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The Best of Two Worlds: Lessons from a Community College-Community Organization Collaboration to Increase Student Success

March 1, 2012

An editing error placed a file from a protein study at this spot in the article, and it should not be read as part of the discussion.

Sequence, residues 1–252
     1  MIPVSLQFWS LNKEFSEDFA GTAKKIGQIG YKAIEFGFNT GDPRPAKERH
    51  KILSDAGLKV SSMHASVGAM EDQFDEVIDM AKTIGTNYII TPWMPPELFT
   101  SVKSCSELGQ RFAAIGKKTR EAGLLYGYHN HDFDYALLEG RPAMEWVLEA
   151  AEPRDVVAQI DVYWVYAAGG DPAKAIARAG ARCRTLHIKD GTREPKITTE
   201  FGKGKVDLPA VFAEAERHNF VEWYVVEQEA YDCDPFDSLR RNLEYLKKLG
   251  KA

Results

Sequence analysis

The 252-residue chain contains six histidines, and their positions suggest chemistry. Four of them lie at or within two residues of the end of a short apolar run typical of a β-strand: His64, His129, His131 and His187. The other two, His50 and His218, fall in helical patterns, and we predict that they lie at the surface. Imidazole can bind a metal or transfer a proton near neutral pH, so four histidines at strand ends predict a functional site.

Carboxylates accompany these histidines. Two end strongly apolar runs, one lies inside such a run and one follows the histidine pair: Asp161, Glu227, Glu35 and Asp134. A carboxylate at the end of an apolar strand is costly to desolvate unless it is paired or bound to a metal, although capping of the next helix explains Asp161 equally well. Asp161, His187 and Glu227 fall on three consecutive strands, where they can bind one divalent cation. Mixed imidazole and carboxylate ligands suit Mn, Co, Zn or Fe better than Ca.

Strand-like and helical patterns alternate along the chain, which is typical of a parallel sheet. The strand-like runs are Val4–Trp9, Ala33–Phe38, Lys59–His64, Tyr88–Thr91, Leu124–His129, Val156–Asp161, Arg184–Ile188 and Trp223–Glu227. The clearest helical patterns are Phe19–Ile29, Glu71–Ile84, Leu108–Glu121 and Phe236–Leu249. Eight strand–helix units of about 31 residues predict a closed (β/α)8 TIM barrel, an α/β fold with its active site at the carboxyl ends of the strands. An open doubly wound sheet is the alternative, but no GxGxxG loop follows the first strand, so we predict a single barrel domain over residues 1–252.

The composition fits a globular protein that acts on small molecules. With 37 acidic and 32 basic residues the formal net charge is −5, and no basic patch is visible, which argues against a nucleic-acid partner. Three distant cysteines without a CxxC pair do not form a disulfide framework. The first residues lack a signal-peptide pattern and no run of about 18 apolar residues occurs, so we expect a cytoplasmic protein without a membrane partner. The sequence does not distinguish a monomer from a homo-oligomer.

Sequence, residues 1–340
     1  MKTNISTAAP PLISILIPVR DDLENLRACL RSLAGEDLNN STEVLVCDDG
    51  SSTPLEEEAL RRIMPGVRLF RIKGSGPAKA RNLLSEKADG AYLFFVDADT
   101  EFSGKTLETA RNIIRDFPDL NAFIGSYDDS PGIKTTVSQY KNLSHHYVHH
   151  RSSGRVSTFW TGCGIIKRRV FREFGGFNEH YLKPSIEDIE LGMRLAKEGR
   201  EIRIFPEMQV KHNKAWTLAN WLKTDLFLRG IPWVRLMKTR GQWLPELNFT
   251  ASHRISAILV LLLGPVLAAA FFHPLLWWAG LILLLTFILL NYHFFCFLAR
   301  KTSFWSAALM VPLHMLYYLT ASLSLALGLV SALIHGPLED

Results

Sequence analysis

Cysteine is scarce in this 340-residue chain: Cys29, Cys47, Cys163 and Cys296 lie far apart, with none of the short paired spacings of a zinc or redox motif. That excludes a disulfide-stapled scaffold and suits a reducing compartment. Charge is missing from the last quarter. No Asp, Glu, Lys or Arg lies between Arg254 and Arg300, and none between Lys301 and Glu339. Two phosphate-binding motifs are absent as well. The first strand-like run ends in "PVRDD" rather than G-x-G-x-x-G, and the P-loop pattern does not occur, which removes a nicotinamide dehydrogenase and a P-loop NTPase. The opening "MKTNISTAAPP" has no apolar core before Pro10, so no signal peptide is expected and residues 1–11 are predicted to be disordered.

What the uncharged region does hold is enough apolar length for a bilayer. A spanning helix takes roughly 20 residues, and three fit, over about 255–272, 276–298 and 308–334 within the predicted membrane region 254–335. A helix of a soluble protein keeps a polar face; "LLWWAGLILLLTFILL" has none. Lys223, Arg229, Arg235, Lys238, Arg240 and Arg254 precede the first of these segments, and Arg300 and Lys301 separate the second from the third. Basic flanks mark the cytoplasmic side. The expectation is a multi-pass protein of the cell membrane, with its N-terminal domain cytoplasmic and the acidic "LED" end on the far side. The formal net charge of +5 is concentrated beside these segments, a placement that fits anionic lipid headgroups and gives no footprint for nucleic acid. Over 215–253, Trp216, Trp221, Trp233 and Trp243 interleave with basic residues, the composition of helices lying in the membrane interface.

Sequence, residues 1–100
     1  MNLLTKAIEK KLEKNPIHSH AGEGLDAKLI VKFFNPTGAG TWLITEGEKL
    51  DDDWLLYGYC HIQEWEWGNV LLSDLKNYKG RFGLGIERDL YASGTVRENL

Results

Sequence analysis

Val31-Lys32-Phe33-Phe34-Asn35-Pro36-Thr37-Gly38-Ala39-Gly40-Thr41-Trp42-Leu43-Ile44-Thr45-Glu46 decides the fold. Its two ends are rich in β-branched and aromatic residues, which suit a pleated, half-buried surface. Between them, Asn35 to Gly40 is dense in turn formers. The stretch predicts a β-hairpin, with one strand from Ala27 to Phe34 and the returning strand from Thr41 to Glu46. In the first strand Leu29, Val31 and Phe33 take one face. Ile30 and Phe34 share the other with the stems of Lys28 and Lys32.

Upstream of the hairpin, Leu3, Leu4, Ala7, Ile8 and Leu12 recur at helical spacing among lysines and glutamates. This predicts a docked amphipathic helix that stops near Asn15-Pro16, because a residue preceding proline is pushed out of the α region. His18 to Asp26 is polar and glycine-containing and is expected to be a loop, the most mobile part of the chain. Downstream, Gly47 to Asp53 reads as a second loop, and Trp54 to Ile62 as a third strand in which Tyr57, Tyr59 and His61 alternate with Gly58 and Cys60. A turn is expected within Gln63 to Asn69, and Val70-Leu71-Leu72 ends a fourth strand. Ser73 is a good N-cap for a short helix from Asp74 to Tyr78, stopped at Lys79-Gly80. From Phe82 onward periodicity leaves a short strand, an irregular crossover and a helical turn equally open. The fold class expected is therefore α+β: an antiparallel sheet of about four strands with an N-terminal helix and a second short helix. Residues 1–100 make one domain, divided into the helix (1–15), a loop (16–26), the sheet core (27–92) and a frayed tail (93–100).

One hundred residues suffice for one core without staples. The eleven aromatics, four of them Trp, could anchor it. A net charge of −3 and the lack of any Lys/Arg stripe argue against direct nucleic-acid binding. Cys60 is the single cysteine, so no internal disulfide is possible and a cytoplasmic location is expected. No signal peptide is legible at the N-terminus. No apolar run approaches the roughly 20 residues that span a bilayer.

New York City's College Access and Success Initiative (CAS) focuses on improving the odds of success for young people who have graduated from failing high schools, are recent immigrants, or who have dropped out and then attained a GED. Begun in 2004, it demonstrates how colleges and community organizations can integrate education and youth development to improve student success. CAS brings together: (1) The New York City College of Technology--City Tech--is a college within the City University of New York system; (2) The Cypress Hills Local Development Corporation is a community-based organization that provides housing development and human services in East New York; and (3) The Youth Development Institute, an intermediary, develops, supports, and assesses practice and policy innovations in New York City and nationally. A predecessor to this report, "Building a Better Bridge," by Michael Chavez Reilly (2008), describes the experiences of students and staff in the early stages of CAS. This report describes the initiative's key components as they have evolved over five years. It explores the practices, challenges, and policy implications of this innovative programming. The two reports seek to build understanding of: (1) The needs and strengths of young people who are underrepresented in higher education and who too rarely complete a credential; and (2) The ways that youth development organizations and colleges--institutions that rarely work together and that have differing strengths, sizes, and professional cultures--can collaborate to improve student success. The results are encouraging. According to data from the college, CAS students have graduated from City Tech at more than twice the rate of their peers from the same community in East New York, and 75 percent of the graduates have gone on to Bachelor's programs.